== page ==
Category Archives: stress reduction

Perspectives on Forgivness


The spiritual path is always easy until it isn’t easy.  Forgiveness, for instance, is something that most people say is good, and it is extolled by nearly every religion.  Yet when we are actually wronged, it can be so unspeakably difficult to choose forgiveness that it often seems like an unattainable ideal that human beings are simply not wired to embody. Yet I believe that forgiveness is literally inseparable from our relationship to God, and when we do not forgive, we do ourselves a great disservice.

Forgiveness is not merely a good sentiment, or even the “correct” thing to do.  Rather, it is a profound spiritual principal that, when we choose it, has innumerable blessings to reveal.  Forgiveness is a vast and profound topic, but in this post I’ll share my thoughts on five dimensions of it: forgiveness and health, forgiveness and God’s love, forgiveness and karma, forgiveness of yourself, and forgiveness and non-duality.

Continue reading

Working from the State of Rest

America is one of the only countries on planet Earth that is, in its ideal sense, not defined by ethnic identity.  Ethnicity has, of course, played a huge role in our formation as a nation, and still unfortunately heavily influences us today.  Yet I am talking about America in an ideal sense.  Germany is primarily composed of the German ethnicity, France is the home of the French, Mexico has a majority of Mexicans, etc.  What is a America, however?  In its ideal sense, it is a nation of people who share a set of governmental values, and also a group of people who are seeking to create their own identity.  To be an American means to lack an ethnic root that other nations take for granted.  This fact has had interesting psychological effects on us and, in my opinion, has generally produced a restlessness that, for better or worse, has helped produce one of the most domineering and massive economies to ever exist.

Our diminishment of ethnic identity has caused us to seek identity elsewhere, and nowhere is this misplaced identity more apparent than in the way we relate to work.  From birth, we hear the word “do” repeated like a mantra that endlessly jabs our souls like a searing brand.  From almost the moment we leave the womb, we are asked, “What do you want DO with your life?” instead of “How do you want to BE?” As adults, when we meet people, the first thing we usually ask after asking someone’s name is, “What do you do?”  I do, I do, I do… When we describe ourselves, our professional identity usually is preeminent: I am a doctor.  I am a construction worker. I am a teacher.  I am, I am, I am…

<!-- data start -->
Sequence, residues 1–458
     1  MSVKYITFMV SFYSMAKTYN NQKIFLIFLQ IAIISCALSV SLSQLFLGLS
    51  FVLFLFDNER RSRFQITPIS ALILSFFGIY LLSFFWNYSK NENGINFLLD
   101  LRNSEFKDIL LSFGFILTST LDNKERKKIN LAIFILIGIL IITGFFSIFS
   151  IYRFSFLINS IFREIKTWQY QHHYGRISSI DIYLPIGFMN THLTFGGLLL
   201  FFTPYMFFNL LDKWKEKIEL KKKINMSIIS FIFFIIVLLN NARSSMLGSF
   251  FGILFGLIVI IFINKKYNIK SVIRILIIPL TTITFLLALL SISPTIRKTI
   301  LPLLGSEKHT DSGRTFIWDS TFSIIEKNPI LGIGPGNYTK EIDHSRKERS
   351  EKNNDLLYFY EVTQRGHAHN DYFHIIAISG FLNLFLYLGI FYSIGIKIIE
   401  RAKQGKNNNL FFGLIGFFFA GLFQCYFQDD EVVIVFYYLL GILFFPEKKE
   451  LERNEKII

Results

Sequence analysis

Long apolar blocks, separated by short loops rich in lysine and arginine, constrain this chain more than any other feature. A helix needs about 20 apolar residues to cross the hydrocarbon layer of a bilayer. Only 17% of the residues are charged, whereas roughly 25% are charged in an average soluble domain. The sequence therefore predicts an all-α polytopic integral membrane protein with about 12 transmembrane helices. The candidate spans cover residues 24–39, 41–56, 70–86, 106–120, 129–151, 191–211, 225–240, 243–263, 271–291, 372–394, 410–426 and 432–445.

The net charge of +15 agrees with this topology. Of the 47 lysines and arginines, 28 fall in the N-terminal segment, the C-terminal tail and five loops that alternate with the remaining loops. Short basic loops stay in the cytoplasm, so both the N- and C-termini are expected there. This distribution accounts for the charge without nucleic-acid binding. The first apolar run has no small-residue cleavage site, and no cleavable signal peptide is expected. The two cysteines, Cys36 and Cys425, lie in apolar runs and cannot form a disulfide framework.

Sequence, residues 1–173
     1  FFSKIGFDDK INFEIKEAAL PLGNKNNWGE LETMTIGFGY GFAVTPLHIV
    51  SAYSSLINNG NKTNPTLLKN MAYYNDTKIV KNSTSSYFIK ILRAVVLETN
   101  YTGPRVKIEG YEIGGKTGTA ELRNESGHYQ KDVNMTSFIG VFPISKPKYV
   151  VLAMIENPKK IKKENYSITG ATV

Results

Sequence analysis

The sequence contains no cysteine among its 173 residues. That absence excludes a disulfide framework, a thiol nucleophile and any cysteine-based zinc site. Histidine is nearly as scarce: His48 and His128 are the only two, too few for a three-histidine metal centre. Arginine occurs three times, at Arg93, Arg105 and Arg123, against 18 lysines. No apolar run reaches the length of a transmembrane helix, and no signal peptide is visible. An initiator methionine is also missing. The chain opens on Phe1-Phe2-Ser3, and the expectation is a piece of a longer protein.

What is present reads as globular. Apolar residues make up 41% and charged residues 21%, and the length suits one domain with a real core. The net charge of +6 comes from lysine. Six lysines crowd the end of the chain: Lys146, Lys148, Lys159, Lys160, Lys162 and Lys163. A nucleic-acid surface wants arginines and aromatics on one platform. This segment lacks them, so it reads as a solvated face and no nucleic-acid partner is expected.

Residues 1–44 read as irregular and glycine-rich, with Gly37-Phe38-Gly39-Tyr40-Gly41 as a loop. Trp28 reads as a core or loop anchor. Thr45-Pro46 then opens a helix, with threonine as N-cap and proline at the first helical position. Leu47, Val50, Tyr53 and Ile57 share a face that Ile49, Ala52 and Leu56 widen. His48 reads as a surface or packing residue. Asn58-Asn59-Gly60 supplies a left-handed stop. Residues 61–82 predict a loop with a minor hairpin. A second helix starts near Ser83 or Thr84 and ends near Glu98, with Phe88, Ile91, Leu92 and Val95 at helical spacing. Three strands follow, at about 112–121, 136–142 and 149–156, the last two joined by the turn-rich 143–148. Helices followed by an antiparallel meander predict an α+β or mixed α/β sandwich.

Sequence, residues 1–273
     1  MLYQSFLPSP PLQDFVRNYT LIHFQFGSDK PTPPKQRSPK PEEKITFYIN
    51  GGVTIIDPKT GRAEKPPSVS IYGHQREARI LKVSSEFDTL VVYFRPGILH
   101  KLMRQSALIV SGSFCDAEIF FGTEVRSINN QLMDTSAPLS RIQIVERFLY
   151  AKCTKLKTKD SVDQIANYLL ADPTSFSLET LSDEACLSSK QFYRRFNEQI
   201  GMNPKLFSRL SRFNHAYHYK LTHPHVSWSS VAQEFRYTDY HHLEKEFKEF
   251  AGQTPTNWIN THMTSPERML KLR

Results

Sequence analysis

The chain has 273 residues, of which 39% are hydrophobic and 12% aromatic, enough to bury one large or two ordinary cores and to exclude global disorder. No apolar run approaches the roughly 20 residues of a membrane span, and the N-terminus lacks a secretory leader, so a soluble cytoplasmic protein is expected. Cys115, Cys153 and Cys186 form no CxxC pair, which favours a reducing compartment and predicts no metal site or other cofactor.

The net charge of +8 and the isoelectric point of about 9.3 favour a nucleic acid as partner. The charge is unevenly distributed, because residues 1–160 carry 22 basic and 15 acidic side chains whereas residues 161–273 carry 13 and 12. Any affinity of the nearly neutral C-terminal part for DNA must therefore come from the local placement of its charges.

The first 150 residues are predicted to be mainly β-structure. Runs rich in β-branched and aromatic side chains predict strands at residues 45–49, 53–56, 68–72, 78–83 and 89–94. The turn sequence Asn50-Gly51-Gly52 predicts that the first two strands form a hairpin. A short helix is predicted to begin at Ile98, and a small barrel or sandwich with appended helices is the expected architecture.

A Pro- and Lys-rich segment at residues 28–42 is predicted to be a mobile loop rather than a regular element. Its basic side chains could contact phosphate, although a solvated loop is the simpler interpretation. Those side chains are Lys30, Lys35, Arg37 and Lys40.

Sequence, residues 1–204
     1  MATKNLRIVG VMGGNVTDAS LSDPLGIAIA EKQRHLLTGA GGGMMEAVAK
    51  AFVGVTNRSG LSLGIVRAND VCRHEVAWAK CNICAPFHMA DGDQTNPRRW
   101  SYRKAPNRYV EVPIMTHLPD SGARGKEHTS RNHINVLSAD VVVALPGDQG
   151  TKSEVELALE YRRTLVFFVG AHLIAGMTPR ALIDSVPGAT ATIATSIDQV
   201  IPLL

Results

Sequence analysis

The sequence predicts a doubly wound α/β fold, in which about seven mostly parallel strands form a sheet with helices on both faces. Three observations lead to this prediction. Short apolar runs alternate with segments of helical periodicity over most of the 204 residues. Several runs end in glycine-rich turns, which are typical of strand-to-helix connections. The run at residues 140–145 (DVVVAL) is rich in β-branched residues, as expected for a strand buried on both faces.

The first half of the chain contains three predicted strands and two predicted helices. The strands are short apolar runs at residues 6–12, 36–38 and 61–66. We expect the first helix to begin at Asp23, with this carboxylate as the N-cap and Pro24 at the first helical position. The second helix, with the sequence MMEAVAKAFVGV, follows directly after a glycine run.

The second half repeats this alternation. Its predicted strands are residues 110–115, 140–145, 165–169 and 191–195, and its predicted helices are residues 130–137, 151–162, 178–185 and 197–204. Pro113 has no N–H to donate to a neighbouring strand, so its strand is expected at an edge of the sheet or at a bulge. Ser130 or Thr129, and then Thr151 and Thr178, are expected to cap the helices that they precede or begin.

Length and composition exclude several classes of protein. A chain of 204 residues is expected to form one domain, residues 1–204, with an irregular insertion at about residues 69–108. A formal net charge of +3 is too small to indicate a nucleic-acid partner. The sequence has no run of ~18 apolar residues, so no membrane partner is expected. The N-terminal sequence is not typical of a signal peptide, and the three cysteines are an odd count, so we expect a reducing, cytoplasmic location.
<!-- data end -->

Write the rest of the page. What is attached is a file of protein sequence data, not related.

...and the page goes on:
In recent years, God has been working to reprogram my brain from this repressive and capitalistic way of thinking about identity.  What I do is indeed important because, in a society, we must all contribute, and I have a natural desire to help people with my work.  Yet I refuse to think about myself in terms of my contribution to the economy.  Factoring out my career, what do I do?  Ultimately, I BE.  I live inside of God’s Mind in a state of indescribable Union with the ever-blissful Lord of the Universe.  And who am I, in a more personal, dualistic sense?  I am a child of the Most High God, unconditionally loved with an depth that couldn’t be described, even if all the trees of this world were converted into a single scroll filled with love sonnets from the timeless Muse.  Even if I achieve more than any human being has ever achieved, God will not love me one iota more or less.  What I do affects my own karma and life circumstances, but my identity is not based upon my work, but upon God’s Love that is entirely unaffected by it.  Blessed and forever praised is the One who has revealed this to me!

Continue reading

A Meeting with the Cosmic Boss – The Missing “Step” in the Steps to Success